The mismatched roommates comedy/drama takes a relative backseat to the race-against-time monster-mash thriller plot (complete with cliffhanger ending) that takes prominence as Josh finds himself locked in the hospital’s cell-like isolation room with his sister (a character added for the US remake), moments before he’s due to transform into chompy wolf form. It’s rather tense and effective, mostly thanks to the choice of cast: Meghan Rath proves a rather boring, less likeable alternative to Lenora Crichlow, but the casting of Sam Witwer as vampire Aidan has the opposite effect, giving the chronic brooder a charisma upgrade. Sam Huntington especially provides an great replacement for the excellent Russell Tovey, with a wolfy George (or Josh) who’s a tad more self-centred than the kind-hearted nerd at the heart of the original series, and he and Witwer display a solid chemistry.

But while the show is just as entertaining as its inspiration, albeit for slightly different reasons, it sadly doesn’t embrace the opportunity to improve on much, either. Like the original, far too much time is lent to the elitist vampire society needling at Aidan to rejoin the fold while he just wants to smoulder and brood in peace. Sure, the awesome Mark Pellegrino (Supernatural’s Lucifer and Lost’s Jacob) gets welcome screentime as the series’ sinister antagonist, and makes the storyline more enjoyable than in the original, but the diabolical threat of elitist, well-connected and well-dressed network of evil vampire elders is tremendously dull, familiar stuff that’s been over-explored in almost every bit of vamp fiction to hit page or screen.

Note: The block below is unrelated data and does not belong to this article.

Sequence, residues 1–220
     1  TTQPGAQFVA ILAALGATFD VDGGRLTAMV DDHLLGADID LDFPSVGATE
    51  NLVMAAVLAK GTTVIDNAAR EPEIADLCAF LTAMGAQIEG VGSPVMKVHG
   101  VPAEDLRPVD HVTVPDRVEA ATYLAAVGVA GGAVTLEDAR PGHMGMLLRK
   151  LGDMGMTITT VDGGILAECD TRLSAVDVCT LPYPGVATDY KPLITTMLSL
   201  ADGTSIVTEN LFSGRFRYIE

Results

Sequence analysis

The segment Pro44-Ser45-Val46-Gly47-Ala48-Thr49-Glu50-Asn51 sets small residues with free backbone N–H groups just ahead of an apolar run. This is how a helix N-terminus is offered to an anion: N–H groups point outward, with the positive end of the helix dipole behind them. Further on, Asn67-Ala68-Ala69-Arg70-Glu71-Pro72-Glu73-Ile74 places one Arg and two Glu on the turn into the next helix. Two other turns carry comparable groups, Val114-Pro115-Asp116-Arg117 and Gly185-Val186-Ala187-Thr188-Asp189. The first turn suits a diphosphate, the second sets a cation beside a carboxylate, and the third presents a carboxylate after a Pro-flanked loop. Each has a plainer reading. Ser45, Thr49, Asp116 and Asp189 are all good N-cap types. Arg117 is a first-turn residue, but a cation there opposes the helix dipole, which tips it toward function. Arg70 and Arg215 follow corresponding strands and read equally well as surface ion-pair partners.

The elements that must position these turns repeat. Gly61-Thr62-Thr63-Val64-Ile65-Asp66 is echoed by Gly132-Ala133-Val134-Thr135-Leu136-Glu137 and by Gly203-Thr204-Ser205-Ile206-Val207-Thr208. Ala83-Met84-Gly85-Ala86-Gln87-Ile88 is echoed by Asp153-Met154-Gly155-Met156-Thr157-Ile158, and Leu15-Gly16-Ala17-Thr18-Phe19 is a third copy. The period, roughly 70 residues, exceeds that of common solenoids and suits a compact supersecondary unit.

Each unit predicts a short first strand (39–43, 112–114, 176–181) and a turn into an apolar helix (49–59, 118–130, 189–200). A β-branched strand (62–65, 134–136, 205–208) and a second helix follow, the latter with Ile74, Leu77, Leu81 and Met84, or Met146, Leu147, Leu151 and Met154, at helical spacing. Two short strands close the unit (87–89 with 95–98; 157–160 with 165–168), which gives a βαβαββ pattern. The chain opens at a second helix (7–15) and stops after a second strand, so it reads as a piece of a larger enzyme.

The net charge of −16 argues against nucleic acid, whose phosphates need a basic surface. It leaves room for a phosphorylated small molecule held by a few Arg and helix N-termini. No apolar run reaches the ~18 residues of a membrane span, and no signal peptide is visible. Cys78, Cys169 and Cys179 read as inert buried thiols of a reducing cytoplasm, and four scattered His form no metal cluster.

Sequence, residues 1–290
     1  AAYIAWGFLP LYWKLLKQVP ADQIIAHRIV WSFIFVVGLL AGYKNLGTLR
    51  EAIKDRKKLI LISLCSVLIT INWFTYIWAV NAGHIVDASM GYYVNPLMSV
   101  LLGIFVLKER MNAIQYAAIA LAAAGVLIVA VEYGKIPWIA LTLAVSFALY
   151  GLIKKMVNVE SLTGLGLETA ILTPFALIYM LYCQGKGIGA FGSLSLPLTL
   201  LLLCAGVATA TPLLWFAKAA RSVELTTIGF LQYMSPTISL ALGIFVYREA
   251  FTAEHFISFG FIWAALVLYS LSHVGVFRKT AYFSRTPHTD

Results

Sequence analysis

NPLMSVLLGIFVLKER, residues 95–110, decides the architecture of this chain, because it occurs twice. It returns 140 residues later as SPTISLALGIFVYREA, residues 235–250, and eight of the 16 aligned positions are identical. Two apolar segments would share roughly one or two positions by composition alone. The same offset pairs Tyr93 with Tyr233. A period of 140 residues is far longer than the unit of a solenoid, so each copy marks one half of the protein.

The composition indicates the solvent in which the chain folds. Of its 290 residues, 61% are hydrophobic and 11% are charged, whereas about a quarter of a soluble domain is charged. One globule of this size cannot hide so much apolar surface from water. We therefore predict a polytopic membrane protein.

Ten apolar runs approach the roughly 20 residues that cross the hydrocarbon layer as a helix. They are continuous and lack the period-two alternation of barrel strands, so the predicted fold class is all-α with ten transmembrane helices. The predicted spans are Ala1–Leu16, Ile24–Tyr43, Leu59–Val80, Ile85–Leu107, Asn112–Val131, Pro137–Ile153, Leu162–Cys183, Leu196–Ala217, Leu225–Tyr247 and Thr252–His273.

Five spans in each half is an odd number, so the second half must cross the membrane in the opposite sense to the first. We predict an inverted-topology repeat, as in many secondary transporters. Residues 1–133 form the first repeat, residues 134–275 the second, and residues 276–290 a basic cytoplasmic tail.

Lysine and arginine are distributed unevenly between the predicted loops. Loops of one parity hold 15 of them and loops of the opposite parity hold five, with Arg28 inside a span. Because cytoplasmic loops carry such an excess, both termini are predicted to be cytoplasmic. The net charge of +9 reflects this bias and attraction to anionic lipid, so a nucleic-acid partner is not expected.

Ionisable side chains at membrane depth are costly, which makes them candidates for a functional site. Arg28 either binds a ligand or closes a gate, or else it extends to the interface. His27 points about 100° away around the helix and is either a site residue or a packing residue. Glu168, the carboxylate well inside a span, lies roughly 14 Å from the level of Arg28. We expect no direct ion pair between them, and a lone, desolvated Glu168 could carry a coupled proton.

Advantage: Draw. If you’ve seen the original, there’s nothing particularly new in SyFy’s interpretation, but a mostly fantastic cast and some slight tweaking of the concept make Being Human a decent and energetic alternative if you’ve never caught the UK series.